CIA (e)Bulletin/(e)Bulletin de l'ICA
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June 2015
 
 

Different Documents Convey Important Messages

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By Bruce Langstroth, FCIA

I had cause the other day to reflect upon the significance of educational notes and research papers—the principal output of the Practice Council and its committees. The cause was a discipline case—so, of course, I will not share specifics. But I will say that one issue that emerged was a perspective on educational notes that was different than mine and, I hope, the large majority of the profession. So, it seems appropriate to share.

Actuarial practice in Canada is governed by standards, educational notes, and research papers. But these do not carry equal weight or significance.

Most important are the standards. Standards of Practice articulate elements of practice that practitioners are expected to comply with. They are minimum requirements that must be satisfied. Practice that deviates from the standards is not permitted except in very limited circumstances.

Educational notes generally describe one or more practices that conform to the standards and serve to narrow the potential range of practice that may conform with the standards. The practice or practices described in an educational note represent accepted actuarial practice and an actuary whose practice conforms with an educational note can usually assume that they are complying with the standards. Educational notes, however, are not intended to be an exhaustive description of acceptable practices and a practitioner may deviate from an educational note provided they can justify the practice that they apply.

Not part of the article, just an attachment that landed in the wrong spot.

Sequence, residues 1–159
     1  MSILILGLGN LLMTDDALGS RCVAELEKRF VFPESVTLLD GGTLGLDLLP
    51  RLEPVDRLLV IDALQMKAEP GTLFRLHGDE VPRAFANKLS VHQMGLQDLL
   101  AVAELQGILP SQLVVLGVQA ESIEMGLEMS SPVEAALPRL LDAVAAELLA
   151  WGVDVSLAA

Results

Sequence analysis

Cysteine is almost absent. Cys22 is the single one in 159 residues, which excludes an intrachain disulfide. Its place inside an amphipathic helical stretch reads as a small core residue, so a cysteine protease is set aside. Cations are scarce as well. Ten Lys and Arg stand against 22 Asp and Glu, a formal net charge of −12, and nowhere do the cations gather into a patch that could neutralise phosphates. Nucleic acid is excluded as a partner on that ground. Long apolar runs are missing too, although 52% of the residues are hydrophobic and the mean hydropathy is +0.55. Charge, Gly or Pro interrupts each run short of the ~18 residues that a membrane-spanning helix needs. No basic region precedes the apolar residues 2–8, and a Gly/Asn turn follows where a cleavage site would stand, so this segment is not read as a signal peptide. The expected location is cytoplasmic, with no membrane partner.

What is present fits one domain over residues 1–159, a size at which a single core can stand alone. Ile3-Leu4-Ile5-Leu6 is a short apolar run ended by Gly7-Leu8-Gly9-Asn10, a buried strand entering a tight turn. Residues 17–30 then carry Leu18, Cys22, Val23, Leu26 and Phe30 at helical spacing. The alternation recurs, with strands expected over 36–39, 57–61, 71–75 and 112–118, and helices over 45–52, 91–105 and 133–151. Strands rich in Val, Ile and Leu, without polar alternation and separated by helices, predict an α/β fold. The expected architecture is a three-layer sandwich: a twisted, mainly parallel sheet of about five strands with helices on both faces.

Research papers can cover a broad range of topics but generally fall into one of two categories: (1) description of a practice or practices that may be acceptable, and/or (2) documentation of work that was done to support either a standard or an educational note. In either case, practices described in a research paper may be applied by a practitioner provided they are satisfied that they conform to the standards.

One might think of standards, educational notes, and research papers in conjunction with the words "must", "should", and "may". Practice must conform to the standards and deviations are not permitted. Practice should conform with educational notes but it is permissible to deviate from them with an appropriate justification. Finally, practice may conform to research papers but it is not expected that practitioners will do so.

It is necessary, but not sufficient, to be familiar with the Standards of Practice that apply to one’s practice area. A practitioner will also be expected to be familiar with the educational notes that relate to his or her area of practice and to either apply them or to justify alternate practices. While familiarity with research papers is obviously good, it is not required for good practice.

In summary, then, a practitioner must be aware of applicable standards and educational notes in their practice area and ensure that their practice conforms to the standards and either conforms to the educational notes or can justify alternative practices as being compliant with the standards. Application of research papers is not necessary for good practice and a practitioner seeking to apply practices described in research papers should be certain that they comply with the standards.

Bruce Langstroth, FCIA, is Chair of the Practice Council.

 

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